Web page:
a contrast between helium's chemical properties and how non-scientists think

yuhilda

Senior Member
chinese
Dear all, I have been doing IELTS Reading on this passage (please see IELTS Academic reading sample), and for Question 31 the answer is in Paragraph A.

' In recent years we have all been exposed to dire media reports concerning the impending demise of global coal and oil reserves, but the depletion of another key non-renewable resource continues without receiving much press at all. Helium – an inert, odourless, monatomic element known to lay people as the substance that makes balloons float and voices squeak when inhaled – could be gone from this planet within a generation.'

I don't understand very much, because I see helium's chemical properties, and I also see nonscientist's (lay people) view, but I think the two are the same, I don't see the contrast, could you please tell me where is the contrast in Paragraph A? Thank you very much in advance.
 
  • heypresto

    Senior Member
    English - England
    If you read it as two sentences, it may become clear. I don't think there is any strong contrast intended.

    Helium is an inert, odourless, monatomic element. It is known to lay people as the substance that makes balloons float and voices squeak when inhaled.
     

    entangledbank

    Senior Member
    English - South-East England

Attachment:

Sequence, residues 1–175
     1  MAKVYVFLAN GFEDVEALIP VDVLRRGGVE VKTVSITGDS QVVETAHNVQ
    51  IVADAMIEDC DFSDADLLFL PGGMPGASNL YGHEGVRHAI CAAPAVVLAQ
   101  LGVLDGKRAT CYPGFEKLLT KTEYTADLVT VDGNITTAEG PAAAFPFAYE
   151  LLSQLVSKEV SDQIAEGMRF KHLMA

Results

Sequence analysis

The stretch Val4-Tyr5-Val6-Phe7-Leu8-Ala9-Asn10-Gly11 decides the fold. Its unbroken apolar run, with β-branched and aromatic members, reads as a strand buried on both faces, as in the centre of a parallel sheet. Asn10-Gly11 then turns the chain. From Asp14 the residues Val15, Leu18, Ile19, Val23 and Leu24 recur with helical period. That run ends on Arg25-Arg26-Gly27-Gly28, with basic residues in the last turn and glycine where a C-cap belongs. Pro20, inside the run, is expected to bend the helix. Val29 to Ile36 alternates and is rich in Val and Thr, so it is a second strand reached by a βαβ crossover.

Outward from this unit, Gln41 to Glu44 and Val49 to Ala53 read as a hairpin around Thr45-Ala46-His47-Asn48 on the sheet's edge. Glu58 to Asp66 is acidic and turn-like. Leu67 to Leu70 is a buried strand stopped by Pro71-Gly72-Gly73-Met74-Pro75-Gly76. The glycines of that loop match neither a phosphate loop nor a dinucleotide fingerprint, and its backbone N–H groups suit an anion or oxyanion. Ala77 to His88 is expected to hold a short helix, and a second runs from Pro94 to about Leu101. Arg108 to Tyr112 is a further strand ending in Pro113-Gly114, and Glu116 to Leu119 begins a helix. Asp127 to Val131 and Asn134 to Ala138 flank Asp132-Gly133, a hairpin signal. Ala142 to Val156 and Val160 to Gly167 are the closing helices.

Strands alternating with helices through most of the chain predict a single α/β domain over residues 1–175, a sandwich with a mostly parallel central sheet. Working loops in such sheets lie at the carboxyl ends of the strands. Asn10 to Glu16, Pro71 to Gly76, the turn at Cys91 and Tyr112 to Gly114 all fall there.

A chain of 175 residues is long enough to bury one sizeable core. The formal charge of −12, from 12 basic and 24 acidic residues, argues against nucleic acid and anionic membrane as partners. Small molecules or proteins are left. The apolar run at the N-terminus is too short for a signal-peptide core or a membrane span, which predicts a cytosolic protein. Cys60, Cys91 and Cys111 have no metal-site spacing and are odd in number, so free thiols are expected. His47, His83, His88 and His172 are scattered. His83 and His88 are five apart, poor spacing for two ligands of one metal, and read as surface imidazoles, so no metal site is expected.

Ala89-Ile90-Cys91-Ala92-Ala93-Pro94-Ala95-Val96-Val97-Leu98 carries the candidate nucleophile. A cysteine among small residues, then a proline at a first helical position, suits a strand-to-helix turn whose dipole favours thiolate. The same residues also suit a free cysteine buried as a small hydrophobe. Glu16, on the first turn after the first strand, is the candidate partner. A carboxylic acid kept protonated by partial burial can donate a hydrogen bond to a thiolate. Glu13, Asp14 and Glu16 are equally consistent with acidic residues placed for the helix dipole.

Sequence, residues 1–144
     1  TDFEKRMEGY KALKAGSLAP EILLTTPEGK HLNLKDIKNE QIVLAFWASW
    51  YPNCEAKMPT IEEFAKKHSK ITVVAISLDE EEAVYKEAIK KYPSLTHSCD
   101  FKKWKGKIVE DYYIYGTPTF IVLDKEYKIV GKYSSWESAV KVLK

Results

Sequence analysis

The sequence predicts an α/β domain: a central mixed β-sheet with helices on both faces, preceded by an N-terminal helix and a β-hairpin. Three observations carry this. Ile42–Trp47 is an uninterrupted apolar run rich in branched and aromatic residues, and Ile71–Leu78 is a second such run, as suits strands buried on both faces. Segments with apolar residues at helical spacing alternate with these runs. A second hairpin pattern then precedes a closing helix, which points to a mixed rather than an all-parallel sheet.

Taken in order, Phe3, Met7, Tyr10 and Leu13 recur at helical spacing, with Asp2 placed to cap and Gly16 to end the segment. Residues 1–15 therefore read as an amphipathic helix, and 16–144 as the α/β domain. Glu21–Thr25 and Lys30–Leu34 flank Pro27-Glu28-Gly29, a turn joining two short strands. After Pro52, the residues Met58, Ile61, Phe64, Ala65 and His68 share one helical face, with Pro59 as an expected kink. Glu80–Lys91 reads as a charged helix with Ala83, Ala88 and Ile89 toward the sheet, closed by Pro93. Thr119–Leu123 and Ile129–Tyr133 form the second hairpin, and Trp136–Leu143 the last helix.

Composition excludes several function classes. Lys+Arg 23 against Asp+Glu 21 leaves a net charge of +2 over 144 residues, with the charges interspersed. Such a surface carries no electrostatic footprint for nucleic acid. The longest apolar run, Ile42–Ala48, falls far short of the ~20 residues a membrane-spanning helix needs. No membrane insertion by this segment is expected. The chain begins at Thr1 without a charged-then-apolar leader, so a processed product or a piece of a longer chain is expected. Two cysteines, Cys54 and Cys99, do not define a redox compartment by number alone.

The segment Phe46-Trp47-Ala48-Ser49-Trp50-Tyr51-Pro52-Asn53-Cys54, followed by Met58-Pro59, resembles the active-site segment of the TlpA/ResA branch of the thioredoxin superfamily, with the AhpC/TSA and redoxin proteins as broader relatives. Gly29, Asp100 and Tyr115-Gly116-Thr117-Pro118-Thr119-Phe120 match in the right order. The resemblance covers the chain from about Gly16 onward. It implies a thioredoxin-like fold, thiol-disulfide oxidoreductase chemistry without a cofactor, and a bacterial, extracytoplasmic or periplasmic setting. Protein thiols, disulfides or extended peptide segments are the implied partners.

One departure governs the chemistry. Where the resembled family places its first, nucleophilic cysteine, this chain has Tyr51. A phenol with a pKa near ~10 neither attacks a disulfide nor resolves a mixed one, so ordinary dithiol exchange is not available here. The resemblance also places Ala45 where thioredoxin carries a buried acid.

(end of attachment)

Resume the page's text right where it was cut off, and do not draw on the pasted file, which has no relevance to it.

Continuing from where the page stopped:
Making voices squeak isn't a chemical property. Nor is filling balloons. For many people, this is all they known about helium. They don't think of it at all as a scientist does, an inert monatomic molecule (and the stuff of stars, and a quarter of the universe).
     

    yuhilda

    Senior Member
    chinese
    If you read it as two sentences, it may become clear. I don't think there is any strong contrast intended.

    Helium is an inert, odourless, monatomic element. It is known to lay people as the substance that makes balloons float and voices squeak when inhaled.
    Thank you very much indeed for the reply, and you are also suggesting that the answer must be wrong, right? But if the answer is wrong, which Paragraph should I choose? I don't think there are any other paragraphs which mentioned the contrast betweeen helium's chemical properties and how non-scientists think. What do you think, heypresto?
     
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